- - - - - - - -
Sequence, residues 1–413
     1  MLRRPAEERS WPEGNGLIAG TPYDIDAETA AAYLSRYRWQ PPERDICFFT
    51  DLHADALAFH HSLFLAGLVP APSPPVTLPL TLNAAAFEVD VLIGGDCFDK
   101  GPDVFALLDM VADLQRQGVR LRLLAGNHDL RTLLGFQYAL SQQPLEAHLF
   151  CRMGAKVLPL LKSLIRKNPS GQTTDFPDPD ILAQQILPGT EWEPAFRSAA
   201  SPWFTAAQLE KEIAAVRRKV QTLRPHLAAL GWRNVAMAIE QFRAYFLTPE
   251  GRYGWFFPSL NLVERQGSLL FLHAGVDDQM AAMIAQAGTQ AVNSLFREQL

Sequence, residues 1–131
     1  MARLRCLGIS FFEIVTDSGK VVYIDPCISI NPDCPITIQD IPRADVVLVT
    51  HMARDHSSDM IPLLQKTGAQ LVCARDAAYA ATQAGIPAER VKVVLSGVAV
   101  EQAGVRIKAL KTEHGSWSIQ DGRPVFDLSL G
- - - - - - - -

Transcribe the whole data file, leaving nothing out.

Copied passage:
Sequence, residues 1–413
     1  MLRRPAEERS WPEGNGLIAG TPYDIDAETA AAYLSRYRWQ PPERDICFFT
    51  DLHADALAFH HSLFLAGLVP APSPPVTLPL TLNAAAFEVD VLIGGDCFDK
   101  GPDVFALLDM VADLQRQGVR LRLLAGNHDL RTLLGFQYAL SQQPLEAHLF
   151  CRMGAKVLPL LKSLIRKNPS GQTTDFPDPD ILAQQILPGT EWEPAFRSAA
   201  SPWFTAAQLE KEIAAVRRKV QTLRPHLAAL GWRNVAMAIE QFRAYFLTPE
   251  GRYGWFFPSL NLVERQGSLL FLHAGVDDQM AAMIAQAGTQ AVNSLFREQL

Sequence, residues 1–131
     1  MARLRCLGIS FFEIVTDSGK VVYIDPCISI NPDCPITIQD IPRADVVLVT
    51  HMARDHSSDM IPLLQKTGAQ LVCARDAAYA ATQAGIPAER VKVVLSGVAV
   101  EQAGVRIKAL KTEHGSWSIQ DGRPVFDLSL G